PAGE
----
Lorlatinib Surpasses Crizotinib as First-Line Treatment for Advanced ALK+ Lung Cancer

By Gene Emery

November 19, 2020

NEW YORK (Reuters Health) - A comparison of two Pfizer anticancer drugs has concluded that lorlatinib produces more progression-free survival and is more effective against brain tumors as a first-line treatment than crizotinib in people with advanced ALK-positive non-small-cell lung cancer (NSCLC).

Treatment with lorlatinib exactly doubled 12-month progression-free survival, at 78% versus 39% (P<0.001). Among patients whose lung tumors that had spread to the brain, 82% had an intracranial response compared with 23% with crizotinib.

The researchers behind the randomized CROWN trial, designed to test whether lorlatinib should be a first-line treatment for incurable disease, reported that "71% of the patients who received lorlatinib had an intracranial complete response."

The drug was specifically designed to cross the blood-brain barrier.

"If you use this most potent and brain-penetrant therapy you can have an enormous impact on how long the responses last and how durable they are," lead author Dr. Alice Shaw told Reuters Health by phone. "Also you're protecting the brain, and this type of lung cancer is incredibly prone to brain metastases."

Side effects caused discontinuation of lorlatinib therapy in only 7% of the patients, a rate two percentage points lower than the rate seen in crizotinib patients.

"The data suggest this drug has a greater impact compared to earlier-generation drugs," said Dr. Shaw, former director of the Center for Thoracic Cancers at Massachusetts General Hospital, in Boston, and now global head of translational clinical oncology at the Novartis Institutes for BioMedical Research.

Lorlatinib also seems to be resistant to tumor mutations that have limited the effectiveness of other treatments.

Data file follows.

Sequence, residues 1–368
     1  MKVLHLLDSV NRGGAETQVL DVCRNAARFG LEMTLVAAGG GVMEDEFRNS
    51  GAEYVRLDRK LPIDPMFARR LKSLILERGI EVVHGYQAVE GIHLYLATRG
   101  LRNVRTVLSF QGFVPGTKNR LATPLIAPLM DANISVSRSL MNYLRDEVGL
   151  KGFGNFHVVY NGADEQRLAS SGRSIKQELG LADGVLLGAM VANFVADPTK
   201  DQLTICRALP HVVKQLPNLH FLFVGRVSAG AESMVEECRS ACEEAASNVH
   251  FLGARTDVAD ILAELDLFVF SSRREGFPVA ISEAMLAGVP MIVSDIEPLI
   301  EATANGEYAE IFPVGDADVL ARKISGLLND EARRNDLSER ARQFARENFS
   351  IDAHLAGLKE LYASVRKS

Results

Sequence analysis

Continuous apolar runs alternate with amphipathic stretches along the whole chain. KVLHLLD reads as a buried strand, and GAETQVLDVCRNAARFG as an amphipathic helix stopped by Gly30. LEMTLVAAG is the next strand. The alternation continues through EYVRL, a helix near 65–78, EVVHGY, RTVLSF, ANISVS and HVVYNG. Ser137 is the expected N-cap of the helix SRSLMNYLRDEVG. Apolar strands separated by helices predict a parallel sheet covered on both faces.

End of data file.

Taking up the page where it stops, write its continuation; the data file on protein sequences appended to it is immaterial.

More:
The data reflect the interim results from CROWN. The findings appear in the New England Journal of Medicine.

ALK-positive NSCLC is a particularly aggressive type of lung tumor responsible for about 4% of lung-cancer cases. It is not caused by smoking and often appears at an earlier age than typical lung cancer.

Lorlatinib, a third-generation anaplastic lymphoma kinase (ALK) inhibitor, is sold under the brand name Lorbrena in the U.S. and Lorviqua in the European Union. It is currently considered standard treatment after first- or second-generation ALK inhibitors have failed.

Crizotinib (brand name Xalkori), approved four years earlier, is a first-generation ALK inhibitor and was the standard of care when the study began. It has since fallen out of favor to second-generation therapies.

The study on 296 patients was done at 104 medical centers in 23 countries.

At the data cutoff point, 28% of the lorlatinib patients had died or had disease progression versus 59% of crizotinib patients.

Progression-free survival at 12 months as judged by the investigators was also significantly longer with lorlatinib, at 80% versus 35%.

For the 30 patients who had a central-nervous-system metastasis at the start of the trial, 71% who received the third-generation drug experienced a complete intracranial response compared to just 8% in the control group.

Overall survival favored lorlatinib at 15% vs. 19%, but was not different enough in the two groups to be statistically significant in the interim analysis.

Some of the side effects most common with lorlatinib were hypercholesterolemia (seen in 70% of patients but only 4% of crizotinib recipients), edema (55% vs. 39%), weight gain (38% vs. 13%) peripheral neuropathy (34% vs. 15%) and cognitive effects (21% vs. 6%).

Asked about the cognitive effects, Dr. Shaw said patients "most typically would be feeling like they can't multitask. They feel like they're stumbling on words. They feel like they can't concentrate as well. You feel emotions more strongly."

"But all the neurocognitive side effects are reversible and dose dependent," she said.

Seven people in each group died from side effects of the drugs.

Pfizer paid for the study.

SOURCE: https://bit.ly/2UwjZcq The New England Journal of Medicine, online November 18, 2020.

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